GitHub Copilot, an OpenAI Codex-Driven AI Pair Programmer, Opens in Technical Preview

Limited technical preview gives you access to AI coding smarts for free, but the commercial service will likely cost you.

Collaborative coding and version control service GitHub has announced a new feature it hopes will make light-night hacking a little less lonely: Copilot, an artificially intelligent pair programmer.

"GitHub Copilot draws context from the code you’re working on, suggesting whole lines or entire functions," explains GitHub's Nat Friedman of the company's launch. "It helps you quickly discover alternative ways to solve problems, write tests, and explore new APIs without having to tediously tailor a search for answers on the internet. As you type, it adapts to the way you write code — to help you complete your work faster."

The Copilot is a partnership between GitHub and OpenAI, driven by the latter's OpenAI Codex system. Unlike general-purpose text generation models like GPT-3, OpenAI Codex is tuned specifically for generating source code — "in part," Friedman explains, "because it was trained on a data set that includes a much larger concentration of public source code."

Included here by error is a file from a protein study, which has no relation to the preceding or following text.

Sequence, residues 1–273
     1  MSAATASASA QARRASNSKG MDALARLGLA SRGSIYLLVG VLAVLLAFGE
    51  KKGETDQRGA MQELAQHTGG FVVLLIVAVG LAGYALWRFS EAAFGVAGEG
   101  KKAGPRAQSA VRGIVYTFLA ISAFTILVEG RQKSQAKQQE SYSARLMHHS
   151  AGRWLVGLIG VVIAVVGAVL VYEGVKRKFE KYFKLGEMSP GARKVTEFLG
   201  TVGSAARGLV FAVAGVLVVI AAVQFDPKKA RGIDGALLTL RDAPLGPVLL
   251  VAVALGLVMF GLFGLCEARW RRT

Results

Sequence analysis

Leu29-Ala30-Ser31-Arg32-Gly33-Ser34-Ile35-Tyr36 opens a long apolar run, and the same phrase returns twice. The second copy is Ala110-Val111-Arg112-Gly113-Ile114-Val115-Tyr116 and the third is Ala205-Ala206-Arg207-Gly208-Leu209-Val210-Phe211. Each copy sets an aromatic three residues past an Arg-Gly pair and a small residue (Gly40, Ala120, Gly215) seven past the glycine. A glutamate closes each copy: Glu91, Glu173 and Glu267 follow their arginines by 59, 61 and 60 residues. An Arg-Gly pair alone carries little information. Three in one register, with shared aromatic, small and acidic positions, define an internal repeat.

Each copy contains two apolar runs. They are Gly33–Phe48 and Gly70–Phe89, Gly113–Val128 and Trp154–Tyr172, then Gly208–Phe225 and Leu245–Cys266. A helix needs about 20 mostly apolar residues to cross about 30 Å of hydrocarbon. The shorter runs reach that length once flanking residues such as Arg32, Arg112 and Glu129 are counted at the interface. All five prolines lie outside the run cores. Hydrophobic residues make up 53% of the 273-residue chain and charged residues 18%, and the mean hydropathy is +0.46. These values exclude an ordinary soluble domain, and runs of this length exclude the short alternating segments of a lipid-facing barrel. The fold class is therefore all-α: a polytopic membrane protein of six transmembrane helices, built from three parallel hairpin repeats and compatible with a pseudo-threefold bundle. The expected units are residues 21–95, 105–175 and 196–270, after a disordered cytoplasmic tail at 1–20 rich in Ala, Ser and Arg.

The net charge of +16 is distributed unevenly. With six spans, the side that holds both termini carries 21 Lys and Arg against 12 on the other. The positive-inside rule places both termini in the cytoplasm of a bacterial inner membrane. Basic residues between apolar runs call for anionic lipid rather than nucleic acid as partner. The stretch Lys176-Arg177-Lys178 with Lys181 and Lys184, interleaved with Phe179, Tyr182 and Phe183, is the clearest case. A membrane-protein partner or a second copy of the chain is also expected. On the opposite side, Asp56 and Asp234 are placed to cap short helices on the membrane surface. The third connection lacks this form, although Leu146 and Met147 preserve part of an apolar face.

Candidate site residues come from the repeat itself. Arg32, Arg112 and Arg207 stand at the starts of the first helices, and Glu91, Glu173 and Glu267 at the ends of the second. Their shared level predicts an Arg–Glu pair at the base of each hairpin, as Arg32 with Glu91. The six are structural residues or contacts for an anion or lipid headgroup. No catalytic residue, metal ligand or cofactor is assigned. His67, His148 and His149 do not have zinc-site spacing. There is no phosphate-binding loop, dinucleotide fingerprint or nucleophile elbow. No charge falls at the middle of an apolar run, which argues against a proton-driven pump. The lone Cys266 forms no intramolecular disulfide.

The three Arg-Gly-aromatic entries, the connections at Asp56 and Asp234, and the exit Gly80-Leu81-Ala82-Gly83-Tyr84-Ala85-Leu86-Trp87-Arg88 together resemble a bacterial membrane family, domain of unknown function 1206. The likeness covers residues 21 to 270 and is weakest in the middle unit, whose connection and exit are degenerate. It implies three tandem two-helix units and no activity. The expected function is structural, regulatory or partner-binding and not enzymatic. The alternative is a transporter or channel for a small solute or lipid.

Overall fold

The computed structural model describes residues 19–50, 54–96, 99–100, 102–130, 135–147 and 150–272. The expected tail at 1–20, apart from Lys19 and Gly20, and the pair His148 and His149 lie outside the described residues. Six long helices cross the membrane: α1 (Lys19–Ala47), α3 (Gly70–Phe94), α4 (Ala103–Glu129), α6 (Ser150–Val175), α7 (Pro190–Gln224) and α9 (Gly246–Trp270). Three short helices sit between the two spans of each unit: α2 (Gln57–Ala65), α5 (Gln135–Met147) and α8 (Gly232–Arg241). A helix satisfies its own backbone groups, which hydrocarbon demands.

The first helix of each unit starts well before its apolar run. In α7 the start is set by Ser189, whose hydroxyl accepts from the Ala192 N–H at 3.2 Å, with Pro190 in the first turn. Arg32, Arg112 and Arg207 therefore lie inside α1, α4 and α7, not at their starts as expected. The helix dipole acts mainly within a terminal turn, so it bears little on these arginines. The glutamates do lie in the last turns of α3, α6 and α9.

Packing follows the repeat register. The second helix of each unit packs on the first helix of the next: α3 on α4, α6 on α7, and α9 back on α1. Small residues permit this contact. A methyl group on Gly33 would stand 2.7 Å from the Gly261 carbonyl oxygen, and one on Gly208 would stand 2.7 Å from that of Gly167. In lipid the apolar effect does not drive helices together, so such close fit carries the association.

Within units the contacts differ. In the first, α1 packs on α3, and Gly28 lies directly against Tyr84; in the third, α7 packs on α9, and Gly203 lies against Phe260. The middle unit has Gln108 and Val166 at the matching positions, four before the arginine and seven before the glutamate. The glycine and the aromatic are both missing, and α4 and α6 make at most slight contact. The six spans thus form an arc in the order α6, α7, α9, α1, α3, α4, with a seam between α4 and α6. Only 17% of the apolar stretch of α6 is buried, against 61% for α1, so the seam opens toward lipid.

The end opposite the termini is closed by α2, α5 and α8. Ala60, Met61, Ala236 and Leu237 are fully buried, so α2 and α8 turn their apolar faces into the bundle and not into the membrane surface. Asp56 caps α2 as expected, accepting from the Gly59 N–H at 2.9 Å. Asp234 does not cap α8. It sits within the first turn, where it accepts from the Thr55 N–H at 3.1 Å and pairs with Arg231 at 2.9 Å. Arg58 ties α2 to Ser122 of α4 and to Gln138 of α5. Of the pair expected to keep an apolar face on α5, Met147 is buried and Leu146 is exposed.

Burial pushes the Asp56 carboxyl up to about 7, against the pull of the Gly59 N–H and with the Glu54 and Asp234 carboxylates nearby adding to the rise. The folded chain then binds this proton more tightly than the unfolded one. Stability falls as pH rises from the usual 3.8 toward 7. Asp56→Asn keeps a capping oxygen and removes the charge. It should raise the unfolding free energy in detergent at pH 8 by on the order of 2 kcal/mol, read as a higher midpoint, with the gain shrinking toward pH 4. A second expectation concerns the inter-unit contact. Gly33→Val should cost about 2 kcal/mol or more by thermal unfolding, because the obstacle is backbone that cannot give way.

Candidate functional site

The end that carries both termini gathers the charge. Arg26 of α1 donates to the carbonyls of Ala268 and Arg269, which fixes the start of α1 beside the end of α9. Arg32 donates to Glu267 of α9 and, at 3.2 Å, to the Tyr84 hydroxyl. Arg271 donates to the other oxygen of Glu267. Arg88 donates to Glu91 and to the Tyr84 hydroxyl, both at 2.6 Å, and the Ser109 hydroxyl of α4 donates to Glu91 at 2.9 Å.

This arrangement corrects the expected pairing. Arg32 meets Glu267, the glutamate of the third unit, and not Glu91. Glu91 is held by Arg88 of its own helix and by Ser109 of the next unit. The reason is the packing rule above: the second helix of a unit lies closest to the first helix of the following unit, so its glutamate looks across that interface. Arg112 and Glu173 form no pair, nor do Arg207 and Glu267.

Currently available in technical preview format, GitHub Copilot can suggest code for a variety of languages and covering a variety of frameworks - though Friedman says it's particularly skilled at working with Python, JavaScript, TypeScript, Ruby, and Go.

"With GitHub Copilot, you’re always in charge," the company claims in the feature's documentation. "You can cycle through alternative suggestions, choose which to accept or reject, and manually edit suggested code. GitHub Copilot adapts to the edits you make, matching your coding style."

"In the first day, GitHub Copilot already taught me about a nuance in JavaScript object comparison and is as comfortable with our database schema as I am," claims Mike Krieger, co-founder of Instagram and an early Copilot tester. "This is the single most mind-blowing application of ML I’ve ever seen."

The technical preview is available now for those programming in Visual Studio Code, though spaces on the program are limited. It's free to use, but may not remain that way: "If the technical preview is successful," GitHub explains, "our plan is to build a commercial version of GitHub Copilot in the future. We want to use the preview to learn how people use GitHub Copilot and what it takes to operate it at scale."

Interested parties can sign up on the dedicated site.

Gareth Halfacree
Freelance journalist, technical author, hacker, tinkerer, erstwhile sysadmin. For hire:
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